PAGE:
Hazel’s notes

•  tiny droplets of water

•  hang in clouds

•  bump into each other

•  join together

•  larger, heavier

•  fall as rain


After she shares her notes, I nudge her to think about the scientific process she has outlined in her bulleted phrases.  I push her to think about the terminology we learned related to the process.  I pull a diagram from her folder – a diagram she created after learning about the water cycle through books, videos, and class experiments (see Illustration 3,1 Diagram of a Watercycle). She smiles and quips, “Oh! The water cycle!” I send her back to add those notes to her graphic organizer.  Often times I find that I am called upon to help children make these kinds of connections, connections between the content and the scientific vocabulary and what they have come to understand through hands-on experiences and other sources of information.

Now it is Zoe’s turn. Twelve months younger than Hazel, Zoe is the youngest child in my second grade classroom.  In many ways she reminds me of the first graders I taught previously. Always smiling, Zoe needs to work with a more capable other.  She is thrilled to be Hazel’s partner. Hazel acts as her model and sometimes coach, boosting her confidence that she can do the work of a second grader. From her jumbled pile of papers, Zoe searches for her research notes and pulls out what looks like a first draft.  As she begins to read to me, I realize she has copied the text word-for-word from a nonfiction book. I think to myself, “How did she miss the multiple mini-lessons on note-taking and paraphrasing?”  In spite of this, there is reason to celebrate. She has answered her research question, “What comes before a thunderstorm?” with the copied lines of text. This is a sign of growth for Zoe. She located the information she needed. She proudly shows me how she used the table of contents and the index to find what she was looking for.  I have learned to celebrate the small steps and not expect perfection. I recognize that now I need to offer her more support on how to paraphrase. Together, we reread the information she located and then close the book. I will ask her to retell me, in her own words, what she read. I might ask her to sketch her understanding or I act as her scribe taking notes (or fact fragments as we have learned to call them) on her graphic organizer. I take a deep breath and turn to her with a smile.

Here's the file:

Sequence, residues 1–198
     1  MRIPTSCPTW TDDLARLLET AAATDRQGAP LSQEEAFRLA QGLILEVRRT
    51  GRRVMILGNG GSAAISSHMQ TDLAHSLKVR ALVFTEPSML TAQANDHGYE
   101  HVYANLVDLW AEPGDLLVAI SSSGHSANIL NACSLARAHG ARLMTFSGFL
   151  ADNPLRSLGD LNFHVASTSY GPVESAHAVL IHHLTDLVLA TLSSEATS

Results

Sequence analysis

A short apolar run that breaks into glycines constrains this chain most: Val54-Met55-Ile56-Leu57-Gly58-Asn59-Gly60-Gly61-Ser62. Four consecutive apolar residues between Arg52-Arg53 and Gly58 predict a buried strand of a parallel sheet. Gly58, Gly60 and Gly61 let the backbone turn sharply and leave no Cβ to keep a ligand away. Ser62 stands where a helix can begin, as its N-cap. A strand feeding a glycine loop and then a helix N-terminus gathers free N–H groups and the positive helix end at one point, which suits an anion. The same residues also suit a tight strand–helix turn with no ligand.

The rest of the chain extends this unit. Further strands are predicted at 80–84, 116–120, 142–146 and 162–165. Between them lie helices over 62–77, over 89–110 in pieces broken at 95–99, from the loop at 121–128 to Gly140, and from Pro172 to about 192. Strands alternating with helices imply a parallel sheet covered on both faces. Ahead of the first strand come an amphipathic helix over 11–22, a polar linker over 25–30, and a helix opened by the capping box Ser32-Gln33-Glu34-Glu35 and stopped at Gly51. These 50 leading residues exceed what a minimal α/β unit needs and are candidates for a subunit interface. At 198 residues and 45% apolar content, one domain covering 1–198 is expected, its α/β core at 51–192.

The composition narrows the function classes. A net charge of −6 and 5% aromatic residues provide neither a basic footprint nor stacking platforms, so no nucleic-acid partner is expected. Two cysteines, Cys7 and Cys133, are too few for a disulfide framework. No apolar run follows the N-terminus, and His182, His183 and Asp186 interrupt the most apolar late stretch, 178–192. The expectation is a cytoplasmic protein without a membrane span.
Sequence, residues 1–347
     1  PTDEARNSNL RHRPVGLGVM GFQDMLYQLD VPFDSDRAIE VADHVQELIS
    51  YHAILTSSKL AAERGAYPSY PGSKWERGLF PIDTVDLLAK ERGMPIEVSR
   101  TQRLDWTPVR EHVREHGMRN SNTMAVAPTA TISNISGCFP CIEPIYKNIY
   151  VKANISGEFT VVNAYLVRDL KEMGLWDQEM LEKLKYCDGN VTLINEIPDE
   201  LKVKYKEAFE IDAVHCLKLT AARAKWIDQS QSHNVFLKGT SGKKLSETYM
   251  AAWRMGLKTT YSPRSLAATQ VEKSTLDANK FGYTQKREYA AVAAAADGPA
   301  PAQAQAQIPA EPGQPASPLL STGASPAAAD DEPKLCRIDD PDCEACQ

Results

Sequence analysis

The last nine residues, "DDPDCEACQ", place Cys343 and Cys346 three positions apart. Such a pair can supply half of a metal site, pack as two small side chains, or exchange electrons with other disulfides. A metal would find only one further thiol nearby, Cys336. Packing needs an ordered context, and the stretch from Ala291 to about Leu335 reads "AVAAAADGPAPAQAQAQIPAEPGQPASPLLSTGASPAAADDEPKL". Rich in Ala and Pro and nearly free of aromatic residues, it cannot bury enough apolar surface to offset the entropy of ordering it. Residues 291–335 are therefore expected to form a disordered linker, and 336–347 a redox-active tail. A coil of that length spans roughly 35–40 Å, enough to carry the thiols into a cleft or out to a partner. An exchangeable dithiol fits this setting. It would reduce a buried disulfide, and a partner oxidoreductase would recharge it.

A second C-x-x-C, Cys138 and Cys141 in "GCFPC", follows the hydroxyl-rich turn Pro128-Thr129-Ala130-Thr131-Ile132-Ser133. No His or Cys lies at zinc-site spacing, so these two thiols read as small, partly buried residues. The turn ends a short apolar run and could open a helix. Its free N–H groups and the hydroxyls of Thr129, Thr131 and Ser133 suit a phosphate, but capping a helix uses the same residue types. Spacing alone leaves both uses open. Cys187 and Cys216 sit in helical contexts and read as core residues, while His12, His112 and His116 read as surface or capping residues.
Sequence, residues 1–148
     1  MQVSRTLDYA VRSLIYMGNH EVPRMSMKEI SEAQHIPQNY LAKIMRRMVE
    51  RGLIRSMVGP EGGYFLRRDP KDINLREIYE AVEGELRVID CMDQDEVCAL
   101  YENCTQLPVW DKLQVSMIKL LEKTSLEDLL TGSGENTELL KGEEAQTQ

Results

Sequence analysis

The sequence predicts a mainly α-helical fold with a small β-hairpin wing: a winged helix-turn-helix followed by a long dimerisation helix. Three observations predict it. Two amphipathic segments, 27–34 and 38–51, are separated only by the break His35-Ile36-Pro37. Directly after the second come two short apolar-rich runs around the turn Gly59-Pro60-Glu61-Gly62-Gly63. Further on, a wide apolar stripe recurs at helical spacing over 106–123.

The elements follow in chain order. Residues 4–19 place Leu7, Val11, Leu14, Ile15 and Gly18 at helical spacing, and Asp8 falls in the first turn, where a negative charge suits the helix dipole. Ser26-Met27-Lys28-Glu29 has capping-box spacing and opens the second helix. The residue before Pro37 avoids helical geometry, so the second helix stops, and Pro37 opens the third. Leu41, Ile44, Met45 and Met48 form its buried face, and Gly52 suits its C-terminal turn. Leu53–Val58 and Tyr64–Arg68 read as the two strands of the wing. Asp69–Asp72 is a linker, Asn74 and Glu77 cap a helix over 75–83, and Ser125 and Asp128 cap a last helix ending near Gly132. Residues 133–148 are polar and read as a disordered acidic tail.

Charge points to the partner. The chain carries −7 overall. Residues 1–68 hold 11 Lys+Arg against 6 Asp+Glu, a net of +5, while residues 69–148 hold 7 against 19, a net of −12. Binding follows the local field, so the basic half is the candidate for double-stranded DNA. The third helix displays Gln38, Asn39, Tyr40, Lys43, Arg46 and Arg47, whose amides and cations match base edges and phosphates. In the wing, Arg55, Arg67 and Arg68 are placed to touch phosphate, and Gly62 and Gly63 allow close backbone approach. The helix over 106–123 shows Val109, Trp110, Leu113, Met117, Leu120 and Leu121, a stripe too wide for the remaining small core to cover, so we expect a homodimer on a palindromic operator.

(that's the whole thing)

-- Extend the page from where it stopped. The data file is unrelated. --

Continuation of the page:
The scenario I describe above is one that occurred well down the road on my journey as a teacher of young elementary students, a teacher who brings both fiction and nonfiction texts together to share with them.   In the course of this journey, I met and overcame many obstacles in my path – changing pedagogy, new state and national standards, new school and grade level assignments and my own need to grow as a learner, teacher, and scholar. As I share my journey in the remaining pages of this chapter, I hope that you embrace the meaningful learning experiences possible when teachers intentionally discover the value of pairing fiction and nonfiction texts.   

Illustration 3.1 Diagram of a Watercycle by Hazel


Curiosity, Complexity and Conversations Copyright © by Edited by Melissa Wilson. All Rights Reserved.